Cancellara completes classic double

Olympic time-trial champion Fabian Cancellara powered to his second one-day classic victory in a week, winning Paris-Roubaix with another humbling of Belgian rival Tom Boonen.

The Swiss rider’s second victory in the gruelling 259km race, known as the ‘Hell of the North’ due to its 27 sectors of bone-shaking cobblestones, means he also becomes only the 10th rider to achieve a rare classics double.

Last week Cancellara, who rides for Saxo Bank, left Quick Step rival Boonen struggling to keep pace with an attack 15km from the finish line of the Tour of Flanders.

After Boonen’s second place finish in Milan-SanRemo, and his runner-up place in Flanders, the pressure was on Belgian’s biggest cycling star to take revenge.

But on Sunday the three-time Paris-Roubaix champion was again at Cancellara’s mercy, the Swiss attacking with just under 50km to go.

A combination of unrivalled power from Cancellara and a crucial lack of collaboration in Boonen’s chase group allowed the Swiss to build a quick, unassailable lead.

Even before he reached Roubaix’s famous outdoor velodrome Cancellara was celebrating, brandishing the gold angel trinket his family had given him last week for Easter.

Two minutes later, Norwegian Thor Hushovd outsprinted Spaniard Juan Antonio Flecha to claim second place with Boonen arriving in fifth a minute later.

“I knew that with my form and the way the last weeks were going I would be difficult to catch once I took a 10 metre lead, that they would be scared,” said Cancellara.

“Boonen, Flecha, Hushovd… I think they knew straight away they were racing for second place, and that allowed me to race my own race.

“Boonen was trying to make some breaks (attacks), so obviously I had to follow him and a couple of times I was starting to doubt myself.

“But my team car was telling me not to race his race, to race my race. That’s what I did, and when I came through the Mons-en-Pevele cobbled sector I decided I would be going all the way to the finish on my own.”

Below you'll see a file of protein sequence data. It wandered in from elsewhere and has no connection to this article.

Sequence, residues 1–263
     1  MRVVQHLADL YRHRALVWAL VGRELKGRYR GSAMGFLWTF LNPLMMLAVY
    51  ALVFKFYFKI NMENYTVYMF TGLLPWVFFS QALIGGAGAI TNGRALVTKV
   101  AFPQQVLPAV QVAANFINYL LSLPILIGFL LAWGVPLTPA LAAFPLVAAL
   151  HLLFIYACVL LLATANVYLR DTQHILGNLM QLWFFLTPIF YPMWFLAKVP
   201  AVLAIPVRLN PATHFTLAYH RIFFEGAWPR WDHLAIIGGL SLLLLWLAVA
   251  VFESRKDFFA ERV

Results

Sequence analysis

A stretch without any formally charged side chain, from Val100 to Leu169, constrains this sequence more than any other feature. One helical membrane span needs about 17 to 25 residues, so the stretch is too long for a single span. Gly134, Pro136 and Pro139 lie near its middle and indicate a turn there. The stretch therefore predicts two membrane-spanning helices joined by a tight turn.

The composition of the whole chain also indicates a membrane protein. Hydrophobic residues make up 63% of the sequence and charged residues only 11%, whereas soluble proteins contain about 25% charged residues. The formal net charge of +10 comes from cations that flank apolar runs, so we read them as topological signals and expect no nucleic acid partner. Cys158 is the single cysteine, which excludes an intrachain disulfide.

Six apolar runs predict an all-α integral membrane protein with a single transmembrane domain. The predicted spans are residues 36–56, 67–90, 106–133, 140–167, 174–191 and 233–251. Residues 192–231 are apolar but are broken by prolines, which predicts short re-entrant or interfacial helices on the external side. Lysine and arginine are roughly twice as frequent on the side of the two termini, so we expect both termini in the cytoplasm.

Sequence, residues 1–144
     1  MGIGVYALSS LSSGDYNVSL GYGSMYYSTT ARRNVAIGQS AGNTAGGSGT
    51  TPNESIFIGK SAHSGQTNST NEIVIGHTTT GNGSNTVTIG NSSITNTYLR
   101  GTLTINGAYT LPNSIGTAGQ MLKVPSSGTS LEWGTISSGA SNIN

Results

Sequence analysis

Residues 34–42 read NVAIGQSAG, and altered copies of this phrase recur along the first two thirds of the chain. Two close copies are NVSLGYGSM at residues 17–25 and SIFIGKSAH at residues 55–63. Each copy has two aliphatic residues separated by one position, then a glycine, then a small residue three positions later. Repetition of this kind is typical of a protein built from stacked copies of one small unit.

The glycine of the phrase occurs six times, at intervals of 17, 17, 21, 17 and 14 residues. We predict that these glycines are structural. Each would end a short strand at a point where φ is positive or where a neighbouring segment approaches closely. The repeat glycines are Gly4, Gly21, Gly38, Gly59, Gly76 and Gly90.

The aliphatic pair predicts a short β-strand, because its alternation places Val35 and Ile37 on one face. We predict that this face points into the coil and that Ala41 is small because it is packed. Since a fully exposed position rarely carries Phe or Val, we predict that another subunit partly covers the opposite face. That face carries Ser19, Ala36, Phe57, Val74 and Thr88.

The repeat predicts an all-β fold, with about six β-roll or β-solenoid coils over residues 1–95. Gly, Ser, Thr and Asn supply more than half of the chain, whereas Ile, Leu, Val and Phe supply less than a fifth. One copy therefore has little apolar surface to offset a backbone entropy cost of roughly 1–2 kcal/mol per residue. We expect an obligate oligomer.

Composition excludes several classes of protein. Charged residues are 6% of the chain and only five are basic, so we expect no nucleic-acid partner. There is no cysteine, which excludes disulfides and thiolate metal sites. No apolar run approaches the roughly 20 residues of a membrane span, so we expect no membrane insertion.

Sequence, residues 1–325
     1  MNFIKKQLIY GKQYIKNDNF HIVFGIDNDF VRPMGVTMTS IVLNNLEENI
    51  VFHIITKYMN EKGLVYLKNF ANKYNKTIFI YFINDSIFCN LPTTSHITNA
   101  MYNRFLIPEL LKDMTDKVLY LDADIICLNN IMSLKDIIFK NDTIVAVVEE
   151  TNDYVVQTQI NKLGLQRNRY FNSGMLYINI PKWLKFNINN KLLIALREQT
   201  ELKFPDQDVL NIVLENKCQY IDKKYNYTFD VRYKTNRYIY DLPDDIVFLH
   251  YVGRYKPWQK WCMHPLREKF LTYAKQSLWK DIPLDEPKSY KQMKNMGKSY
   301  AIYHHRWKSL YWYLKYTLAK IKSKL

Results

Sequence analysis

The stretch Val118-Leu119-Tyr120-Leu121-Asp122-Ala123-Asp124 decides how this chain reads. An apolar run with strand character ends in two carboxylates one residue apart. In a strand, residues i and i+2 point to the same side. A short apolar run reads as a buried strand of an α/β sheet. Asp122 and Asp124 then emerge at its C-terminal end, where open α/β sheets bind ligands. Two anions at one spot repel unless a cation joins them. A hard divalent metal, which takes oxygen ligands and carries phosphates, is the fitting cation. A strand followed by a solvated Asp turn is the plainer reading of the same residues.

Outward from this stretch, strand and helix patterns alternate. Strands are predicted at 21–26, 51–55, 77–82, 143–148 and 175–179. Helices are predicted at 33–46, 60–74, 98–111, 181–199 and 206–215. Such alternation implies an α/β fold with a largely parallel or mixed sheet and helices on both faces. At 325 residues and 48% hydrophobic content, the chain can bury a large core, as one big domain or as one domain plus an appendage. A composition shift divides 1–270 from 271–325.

Boonen was left in a seven-man chase group which notably contained Hushovd, Filippo Pozzato, Leif Hoste and Flecha but, apart from Boonen, they had practically conceded defeat.

“I think when Cancellara went everyone understood pretty quickly that we wouldn’t be catching him,” said Cervelo rider Hushovd, who improved on his third place finish from last year.

“That’s why I’m really happy with my second place.”

By the time Cancellara had emerged from the seventh from last cobbled sector at Templeuve, his lead had grown to an unassailable 1:30.

Boonen was angry with the rest of the riders in the group.

“If Cancellara attacks and I can’t follow him that’s fair enough. But I’m really angry with the way some of the other guys rode,” said the 29-year-old Belgian, who won the race in 2005, 2008 and 2009.

“At no time did any of them try to race and some of them, including Flecha, had already resigned themselves to racing for second.”

Flecha said: “I gave everything I had so for me it’s a great finish.

“Cancellara’s strong, but he also had the balls to attack from as far out as he did. For me, he’s a great champion.”

Karun seventh in GP2 feature race

Monte Carlo, May 24 (IANS) Karun Chandhok lost out on a possible victory in the GP2 sprint race here Sunday as his Ocean Technology Racing team car encountered a driveshaft problem when he leading.

Earlier, the Chennai-born Chandhok had finished seventh in the feature race that earned him a front row start for the reversed sprint race grid.

Chandhok had qualified 10th for the feature race that he did not start well, slipping to 15th place in the first lap. But he retrieved the situation with an early pit-stop to rejoin the race in the seventh place that he maintained to the finish.

With the grid for the sprint race reversed (1-8 positions), Chandhok started second and went into the lead at the first corner by passing Pastor Maldonado (ART) and opened up a four-second lead.

However, with just eight laps to go, Chandhok slowed and finally grounded to a halt as the right side driveshaft had snapped and lost all drive as he approached the start-finish straight.

Chandhok said: “You don’t get many chances to win at Monaco and this would have been perfect. It’ll take a couple days to get over it but we have to push forward with the conviction of this weekend’s race pace.”